Dodgers Spend A Ton Of Money On Hector Olivera, Because They Can

It’s weird, I think, to learn that your favorite team just dropped $62.5 million over six years on a Cuban infielder, as the Dodgers just reportedly did with Hector Olivera, and go… “oh. okay.”

It’s not that I can say for sure whether this is a good thing or a bad thing, because so much of what we know or think we know has been shrouded in mystery. There’s no such thing as too much talent, and the Dodgers still haven’t seemed to hit that mystical payroll limit — if it even exists — and we know that three-fourths of the infield (Jimmy Rollins, Howie Kendrick, Juan Uribe) are eligible for free agency following 2015. We know that Uribe is fragile and Justin Turner is both likely to regress and shouldn’t be an every day player. If the worst that happens here is that Olivera is a bust and they threw a ton of money away, well, this team can handle that more than most.

It’s just, well, I don’t know. Maybe I’m a little worried about the repeated whispers about the health of his elbow or the reported circulatory (or blood dyscrasia, which sounds horrifying) condition. Maybe it’s troubling that as he’s about to turn 30, there’s not time for growth if there’s early struggles, and any time needed for him to adapt or get up to speed — time we should absolutely not deny a man coming to America from Cuba — comes out of his remaining peak. Maybe it’s that this is basically the same amount of money Boston gave the far younger Yoan Moncada, who is seen as a vastly superior prospect*. Maybe it’s that the less-than-expected contributions of Alex Guerrero and Erisbel Arruebarrena have taken some of the pop out of another unknown Cuban infielder, which is totally unfair.

Maybe, most likely, it’s just fatigue from this never-ending “will he or won’t he” process that’s gone on, seemingly, for years.

*A note on Moncada: Simply comparing the dollars misses the point, because the Red Sox are unable to participate (for more than $300,000) in the next two years of international signings. Because of Olivera’s age, that penalty does not apply to the Dodgers. This money goes all to the luxury tax, which the Dodgers blew past eons ago.

Maybe that last part should get me more excited, particularly when I see things like this from the well-respected Kiley McDaniel:

Dustin’s written a ton on Olivera, and the immediate questions I’m seeing already are, “where does he fit,” and “what happens to Guerrero / Turner?” Those are, indeed, questions, and the answer to both is “stop asking, because it doesn’t matter,” not for now, anyway. Opening Day is less than two weeks away, and it could take that long or longer for all of the paperwork to get sorted out here. Olivera almost certainly is going to spend weeks or months in the minor leagues, given the way this has played out, and absolutely no one knows what will have happened on the major league roster by then.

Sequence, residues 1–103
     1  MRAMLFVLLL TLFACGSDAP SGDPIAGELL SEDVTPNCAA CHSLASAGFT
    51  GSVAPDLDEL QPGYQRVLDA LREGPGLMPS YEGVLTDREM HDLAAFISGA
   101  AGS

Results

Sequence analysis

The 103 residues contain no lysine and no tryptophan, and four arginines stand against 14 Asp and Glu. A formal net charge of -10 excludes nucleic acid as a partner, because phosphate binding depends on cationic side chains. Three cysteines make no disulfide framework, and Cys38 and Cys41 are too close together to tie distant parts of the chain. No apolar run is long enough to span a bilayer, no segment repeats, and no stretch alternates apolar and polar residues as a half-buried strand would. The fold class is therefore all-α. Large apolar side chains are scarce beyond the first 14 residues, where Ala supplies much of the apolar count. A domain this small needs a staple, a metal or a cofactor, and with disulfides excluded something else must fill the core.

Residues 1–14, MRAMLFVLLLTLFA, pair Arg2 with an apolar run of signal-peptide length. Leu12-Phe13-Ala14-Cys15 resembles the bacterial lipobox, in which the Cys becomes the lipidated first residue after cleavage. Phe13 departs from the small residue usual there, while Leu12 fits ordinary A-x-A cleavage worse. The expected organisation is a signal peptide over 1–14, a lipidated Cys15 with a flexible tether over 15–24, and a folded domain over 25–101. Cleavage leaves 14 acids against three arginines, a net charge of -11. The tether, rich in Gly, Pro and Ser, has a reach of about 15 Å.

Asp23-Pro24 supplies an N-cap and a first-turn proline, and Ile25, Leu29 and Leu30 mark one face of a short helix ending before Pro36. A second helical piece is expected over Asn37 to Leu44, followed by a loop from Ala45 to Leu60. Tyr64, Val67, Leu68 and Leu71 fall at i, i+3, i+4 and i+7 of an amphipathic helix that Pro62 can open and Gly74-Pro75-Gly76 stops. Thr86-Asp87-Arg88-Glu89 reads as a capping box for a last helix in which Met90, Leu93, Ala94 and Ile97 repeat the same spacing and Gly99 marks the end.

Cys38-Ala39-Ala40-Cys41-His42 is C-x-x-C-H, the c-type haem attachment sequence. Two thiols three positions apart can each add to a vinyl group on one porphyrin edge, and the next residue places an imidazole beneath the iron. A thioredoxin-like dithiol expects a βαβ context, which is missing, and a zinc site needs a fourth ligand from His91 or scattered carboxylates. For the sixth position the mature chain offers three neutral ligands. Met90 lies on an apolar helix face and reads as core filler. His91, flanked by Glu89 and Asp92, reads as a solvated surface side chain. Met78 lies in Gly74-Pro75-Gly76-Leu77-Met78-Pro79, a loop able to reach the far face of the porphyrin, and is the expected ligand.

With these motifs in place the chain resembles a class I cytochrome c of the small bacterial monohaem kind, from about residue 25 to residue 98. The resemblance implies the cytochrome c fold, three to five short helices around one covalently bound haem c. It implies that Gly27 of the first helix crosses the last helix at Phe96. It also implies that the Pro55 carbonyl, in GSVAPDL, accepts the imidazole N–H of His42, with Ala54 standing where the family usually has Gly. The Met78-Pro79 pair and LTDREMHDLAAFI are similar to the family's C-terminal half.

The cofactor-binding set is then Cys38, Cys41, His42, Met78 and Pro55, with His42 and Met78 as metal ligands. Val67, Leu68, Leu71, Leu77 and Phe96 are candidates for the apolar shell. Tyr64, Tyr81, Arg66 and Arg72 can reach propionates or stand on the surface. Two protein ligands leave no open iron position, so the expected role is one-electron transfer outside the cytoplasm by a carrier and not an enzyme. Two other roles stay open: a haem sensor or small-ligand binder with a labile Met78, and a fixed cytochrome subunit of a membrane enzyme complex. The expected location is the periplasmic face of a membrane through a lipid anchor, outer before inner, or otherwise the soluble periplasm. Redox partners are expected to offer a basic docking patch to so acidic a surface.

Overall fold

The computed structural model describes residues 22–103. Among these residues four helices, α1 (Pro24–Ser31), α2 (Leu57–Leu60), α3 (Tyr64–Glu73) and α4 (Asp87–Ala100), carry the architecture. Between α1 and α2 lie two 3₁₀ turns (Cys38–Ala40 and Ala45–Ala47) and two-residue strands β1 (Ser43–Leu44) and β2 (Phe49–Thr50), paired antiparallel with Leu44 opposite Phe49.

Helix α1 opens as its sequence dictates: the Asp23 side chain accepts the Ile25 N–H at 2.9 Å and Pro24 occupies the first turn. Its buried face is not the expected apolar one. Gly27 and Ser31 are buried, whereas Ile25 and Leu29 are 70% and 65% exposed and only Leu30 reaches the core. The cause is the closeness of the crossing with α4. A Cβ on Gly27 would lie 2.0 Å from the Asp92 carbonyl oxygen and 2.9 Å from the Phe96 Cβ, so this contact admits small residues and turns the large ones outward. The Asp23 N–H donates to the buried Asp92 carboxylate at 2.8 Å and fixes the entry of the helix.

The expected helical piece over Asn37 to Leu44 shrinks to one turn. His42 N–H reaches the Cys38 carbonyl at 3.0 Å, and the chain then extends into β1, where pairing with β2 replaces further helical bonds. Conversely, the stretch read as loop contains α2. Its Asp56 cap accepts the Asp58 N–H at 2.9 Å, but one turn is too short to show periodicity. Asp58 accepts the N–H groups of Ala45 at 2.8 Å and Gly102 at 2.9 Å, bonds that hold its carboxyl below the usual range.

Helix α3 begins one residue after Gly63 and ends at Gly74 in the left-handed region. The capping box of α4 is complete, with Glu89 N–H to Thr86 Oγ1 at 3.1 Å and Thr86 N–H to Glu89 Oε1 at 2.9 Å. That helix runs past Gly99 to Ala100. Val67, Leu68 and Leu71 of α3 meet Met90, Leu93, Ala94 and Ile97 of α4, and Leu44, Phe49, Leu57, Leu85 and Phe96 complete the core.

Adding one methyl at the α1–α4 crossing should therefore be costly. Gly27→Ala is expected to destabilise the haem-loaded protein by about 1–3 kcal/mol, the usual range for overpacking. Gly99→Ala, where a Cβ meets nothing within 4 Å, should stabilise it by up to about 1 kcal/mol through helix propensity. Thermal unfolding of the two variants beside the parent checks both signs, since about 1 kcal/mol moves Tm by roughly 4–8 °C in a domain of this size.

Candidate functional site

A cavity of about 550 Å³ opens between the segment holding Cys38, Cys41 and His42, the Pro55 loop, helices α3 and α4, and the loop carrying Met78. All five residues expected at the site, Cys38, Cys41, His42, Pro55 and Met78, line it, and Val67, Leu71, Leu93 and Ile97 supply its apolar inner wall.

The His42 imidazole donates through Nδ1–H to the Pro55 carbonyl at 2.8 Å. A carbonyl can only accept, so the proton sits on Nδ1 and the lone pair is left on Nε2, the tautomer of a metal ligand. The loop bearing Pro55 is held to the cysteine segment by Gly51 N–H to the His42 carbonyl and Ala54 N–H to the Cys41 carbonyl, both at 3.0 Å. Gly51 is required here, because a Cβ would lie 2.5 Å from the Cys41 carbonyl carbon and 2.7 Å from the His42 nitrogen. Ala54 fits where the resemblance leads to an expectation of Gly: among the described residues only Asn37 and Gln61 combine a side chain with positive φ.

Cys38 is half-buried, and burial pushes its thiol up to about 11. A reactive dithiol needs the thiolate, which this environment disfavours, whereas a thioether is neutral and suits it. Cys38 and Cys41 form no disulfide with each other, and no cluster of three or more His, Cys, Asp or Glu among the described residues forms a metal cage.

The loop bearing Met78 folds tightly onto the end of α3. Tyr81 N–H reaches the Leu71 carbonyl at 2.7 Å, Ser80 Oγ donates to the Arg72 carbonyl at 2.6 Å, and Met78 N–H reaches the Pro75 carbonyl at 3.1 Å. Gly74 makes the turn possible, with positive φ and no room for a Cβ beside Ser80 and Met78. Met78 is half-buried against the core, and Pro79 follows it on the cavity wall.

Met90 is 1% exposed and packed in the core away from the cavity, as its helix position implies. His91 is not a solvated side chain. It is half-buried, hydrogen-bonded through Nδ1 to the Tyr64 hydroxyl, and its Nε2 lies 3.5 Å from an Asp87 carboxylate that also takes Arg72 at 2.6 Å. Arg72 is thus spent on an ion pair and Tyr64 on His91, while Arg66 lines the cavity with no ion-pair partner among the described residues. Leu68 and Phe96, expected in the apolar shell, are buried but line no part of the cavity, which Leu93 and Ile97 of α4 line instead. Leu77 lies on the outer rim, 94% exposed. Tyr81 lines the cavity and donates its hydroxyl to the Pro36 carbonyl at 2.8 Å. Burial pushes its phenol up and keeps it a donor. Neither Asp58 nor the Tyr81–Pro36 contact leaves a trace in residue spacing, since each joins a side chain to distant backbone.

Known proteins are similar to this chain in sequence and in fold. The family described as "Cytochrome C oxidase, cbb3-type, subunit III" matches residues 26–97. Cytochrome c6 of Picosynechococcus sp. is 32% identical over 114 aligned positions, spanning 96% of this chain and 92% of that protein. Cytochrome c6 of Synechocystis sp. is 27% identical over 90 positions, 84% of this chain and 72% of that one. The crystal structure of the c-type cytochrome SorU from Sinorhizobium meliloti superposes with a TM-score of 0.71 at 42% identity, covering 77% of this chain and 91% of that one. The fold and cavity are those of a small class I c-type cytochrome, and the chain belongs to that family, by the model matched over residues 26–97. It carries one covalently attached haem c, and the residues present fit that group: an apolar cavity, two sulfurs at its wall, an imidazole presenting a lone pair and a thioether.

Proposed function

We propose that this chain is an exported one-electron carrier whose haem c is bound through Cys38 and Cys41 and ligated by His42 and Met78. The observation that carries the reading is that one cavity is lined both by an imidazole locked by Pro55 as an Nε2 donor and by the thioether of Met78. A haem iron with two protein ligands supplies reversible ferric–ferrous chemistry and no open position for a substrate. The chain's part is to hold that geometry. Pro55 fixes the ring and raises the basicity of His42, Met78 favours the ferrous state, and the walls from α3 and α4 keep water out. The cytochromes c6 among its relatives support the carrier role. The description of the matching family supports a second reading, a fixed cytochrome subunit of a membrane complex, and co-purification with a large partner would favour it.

When the paperwork is finalized, someone’s going to lose their 40-man spot, and that could get interesting given that Sergio Santos or another NRI probably makes the roster too, but Guerrero isn’t simply getting DFA’d, not the way he’s hit. (This can’t be good news for Darwin Barney, incidentally.)

It’s worth noting that the third base market in free agency next winter is a hot pile of garbage, and it would be malpractice to expect either Turner or Guerrero to simply step in full-time. Olivera, based on reports, could be that player, since his future sounds far more likely at third than second. Whether or not Olivera supplants Uribe this year — and as much as we all love Uribe now, let’s not pretend that he’s suddenly getting more durable as he ages — Olivera is at least around, and he’s going to be around. That’s better than not being around, especially if and when injuries come up, and it only cost burnable, disposable money to do it.

The lesson here, as always: Sweet Jesus, is it good to be rich, because you can easily do “ah, screw it, why not” deals like this. Welcome aboard, Hector. I’m not sure how to feel about you. I’m also sure that the more talent you can collect at once, the better.

About Mike Petriello

Mike writes about lots of baseball in lots of places, and right now that place is